The former president of Kazakhstan, who has not been seen in public since late last year, resurfaced on January 18 in an attempt to quash mounting claims of an ongoing intra-elite clash.
“There is no conflict or confrontation within the elite. Rumors to this effect are absolutely groundless,” Nursultan Nazarbayev said in a video address.
The 81-year-old former president’s brief statement was also intended to put to rest rumors that he had fled the country.
“I am having a well-deserved rest in the capital of Kazakhstan and didn't go anywhere,” he said, notably refraining from using the current name of the city, Nur-Sultan.
The last time Nazarbayev was seen in public was on December 28, when he was in Russia to attend an informal summit of the Commonwealth of Independent States. His spokesman, Aidos Ukibay, posted a statement to Twitter on January 8, while Kazakhstan’s largest city, Almaty, was still gripped by unrest, to deny rivaling theories about the ex-leader fleeing to China or Dubai. But that did not prove sufficient to put paid to the speculation.
The message from Nazarbayev arrives just as a growing list of relatives and close allies are being purged from important positions in government and business.
On January 17, President Kassym-Jomart Tokayev ordered the dismissal of Samat Abish, Nazarbayev’s nephew, as first deputy head of the powerful National Security Committee, or KNB. This move comes in the wake of insistent rumors that Abish may have been involved in instigating the bloody unrest that rattled the country earlier this month.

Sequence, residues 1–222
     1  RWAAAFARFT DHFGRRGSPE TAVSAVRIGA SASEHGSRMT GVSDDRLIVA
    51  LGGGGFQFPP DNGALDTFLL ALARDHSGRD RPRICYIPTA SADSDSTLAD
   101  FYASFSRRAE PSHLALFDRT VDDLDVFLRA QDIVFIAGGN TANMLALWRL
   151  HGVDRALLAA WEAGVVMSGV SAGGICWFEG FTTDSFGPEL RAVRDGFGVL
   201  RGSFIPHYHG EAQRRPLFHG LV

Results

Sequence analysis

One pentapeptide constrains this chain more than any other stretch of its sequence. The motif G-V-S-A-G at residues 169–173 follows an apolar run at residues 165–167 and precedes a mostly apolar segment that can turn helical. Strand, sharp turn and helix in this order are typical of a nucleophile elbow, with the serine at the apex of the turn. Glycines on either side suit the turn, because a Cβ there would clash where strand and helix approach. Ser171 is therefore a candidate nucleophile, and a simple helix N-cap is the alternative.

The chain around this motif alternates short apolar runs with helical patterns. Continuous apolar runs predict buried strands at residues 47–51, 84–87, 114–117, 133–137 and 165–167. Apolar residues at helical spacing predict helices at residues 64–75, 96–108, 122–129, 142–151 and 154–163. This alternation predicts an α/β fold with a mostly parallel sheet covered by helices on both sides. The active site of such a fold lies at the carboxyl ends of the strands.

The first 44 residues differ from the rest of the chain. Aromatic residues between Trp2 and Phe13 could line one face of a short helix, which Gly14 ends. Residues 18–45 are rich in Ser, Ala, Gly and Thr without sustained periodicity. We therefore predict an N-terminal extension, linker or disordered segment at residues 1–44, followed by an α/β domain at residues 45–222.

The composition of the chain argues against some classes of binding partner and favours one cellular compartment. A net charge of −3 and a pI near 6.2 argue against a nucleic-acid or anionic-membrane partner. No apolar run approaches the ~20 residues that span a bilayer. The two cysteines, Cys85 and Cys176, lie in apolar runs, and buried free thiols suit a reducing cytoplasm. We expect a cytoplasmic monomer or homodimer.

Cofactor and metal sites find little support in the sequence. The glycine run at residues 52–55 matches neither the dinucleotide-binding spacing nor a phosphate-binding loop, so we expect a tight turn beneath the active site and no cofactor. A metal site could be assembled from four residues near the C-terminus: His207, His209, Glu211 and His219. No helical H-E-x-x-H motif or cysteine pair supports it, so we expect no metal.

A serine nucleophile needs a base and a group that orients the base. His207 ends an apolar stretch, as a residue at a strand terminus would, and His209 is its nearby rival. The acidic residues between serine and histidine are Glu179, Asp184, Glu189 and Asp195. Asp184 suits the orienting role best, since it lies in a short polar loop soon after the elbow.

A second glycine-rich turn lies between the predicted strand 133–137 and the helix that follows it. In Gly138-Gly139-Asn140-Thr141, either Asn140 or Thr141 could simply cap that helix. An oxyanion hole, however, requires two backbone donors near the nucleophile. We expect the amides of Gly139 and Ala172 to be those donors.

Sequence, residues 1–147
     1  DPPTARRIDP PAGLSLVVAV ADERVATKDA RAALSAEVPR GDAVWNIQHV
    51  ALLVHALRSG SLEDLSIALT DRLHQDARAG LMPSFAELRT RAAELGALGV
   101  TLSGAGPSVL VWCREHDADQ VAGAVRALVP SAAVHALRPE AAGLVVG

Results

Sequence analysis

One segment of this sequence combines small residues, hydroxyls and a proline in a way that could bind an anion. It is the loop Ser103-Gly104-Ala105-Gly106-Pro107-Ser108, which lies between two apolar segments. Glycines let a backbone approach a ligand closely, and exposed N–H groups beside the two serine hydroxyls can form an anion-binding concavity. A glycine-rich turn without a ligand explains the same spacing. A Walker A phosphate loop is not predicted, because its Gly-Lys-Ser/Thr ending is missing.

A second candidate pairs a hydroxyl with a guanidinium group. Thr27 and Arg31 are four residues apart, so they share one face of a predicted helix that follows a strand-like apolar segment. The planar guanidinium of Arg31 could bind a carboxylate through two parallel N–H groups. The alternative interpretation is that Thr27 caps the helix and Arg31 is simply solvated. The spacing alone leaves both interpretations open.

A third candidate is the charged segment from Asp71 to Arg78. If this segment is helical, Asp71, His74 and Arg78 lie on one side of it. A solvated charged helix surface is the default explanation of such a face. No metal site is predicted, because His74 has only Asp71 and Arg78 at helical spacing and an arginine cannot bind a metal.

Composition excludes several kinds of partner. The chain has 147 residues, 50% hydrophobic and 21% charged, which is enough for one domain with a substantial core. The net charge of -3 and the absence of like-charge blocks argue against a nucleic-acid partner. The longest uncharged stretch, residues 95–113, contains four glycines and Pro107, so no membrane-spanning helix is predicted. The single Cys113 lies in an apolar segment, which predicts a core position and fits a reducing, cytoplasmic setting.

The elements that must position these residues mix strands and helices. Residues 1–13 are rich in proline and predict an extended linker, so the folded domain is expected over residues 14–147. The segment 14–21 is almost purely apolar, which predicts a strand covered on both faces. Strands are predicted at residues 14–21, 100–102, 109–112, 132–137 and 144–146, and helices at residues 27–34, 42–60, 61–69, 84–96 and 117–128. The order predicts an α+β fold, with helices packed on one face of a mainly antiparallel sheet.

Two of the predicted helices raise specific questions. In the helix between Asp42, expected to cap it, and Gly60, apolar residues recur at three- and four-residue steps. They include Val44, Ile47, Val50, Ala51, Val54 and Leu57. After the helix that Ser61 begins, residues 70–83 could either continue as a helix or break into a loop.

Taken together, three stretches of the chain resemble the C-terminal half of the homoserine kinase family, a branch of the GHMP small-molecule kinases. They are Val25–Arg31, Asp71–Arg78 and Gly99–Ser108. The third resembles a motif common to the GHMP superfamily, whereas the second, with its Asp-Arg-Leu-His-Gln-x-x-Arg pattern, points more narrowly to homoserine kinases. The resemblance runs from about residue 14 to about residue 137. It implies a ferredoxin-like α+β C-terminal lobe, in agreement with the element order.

Abish’s former direct superior, long-time Nazarbayev loyalist Karim Masimov, was arrested shortly after the outbreak of disturbances in Almaty and stands accused of treason and seeking to violently seize power.
Also on January 17, Timur Kulibayev, a multibillionaire son-in-law of Nazarbayev, resigned as chairman of Atameken, an influential business lobby group. Another two Nazarbayev sons-in-law, Dimash Dosanov and Kairat Sharipbayev, were over the weekend pushed out of their posts as chairmen of KazTransOil and QazaqGaz (formerly KazTranGaz), respectively.
Nazarbayev sought disingenuously to scotch talk of infighting by claiming that he had long relinquished any claim to power.
“In response to the many messages I have received, and all the reports in the media, I state that in 2019 I handed over power to President Kassym-Jomart Tokayev and have since then been a pensioner,” he said.
This, however, was a falsehood. Nazarbayev served until January 5 as chair of the security council, a position that granted him significant sway over the nation’s security apparatus. What is more, Tokayev in October 2019, months after he was shuffled into the president’s chair, signed off on a decree granting Nazarbayev veto powers over key political and security appointments. That decree, which some analysts have suggested may have been promulgated under pressure, formally limited Tokayev’s scope for acting independently of Nazarbayev.
As of January 5, Tokayev has chaired the security council.
Far from being fully retired, Nazarbayev still chairs the ruling Nur Otan party, which holds seven-tenths of the seats in the lower house of parliament, the Majlis. That too is poised to change, though.
“Soon the president will be elected chairman of the Nur Otan party,” Nazarbayev said in his statement.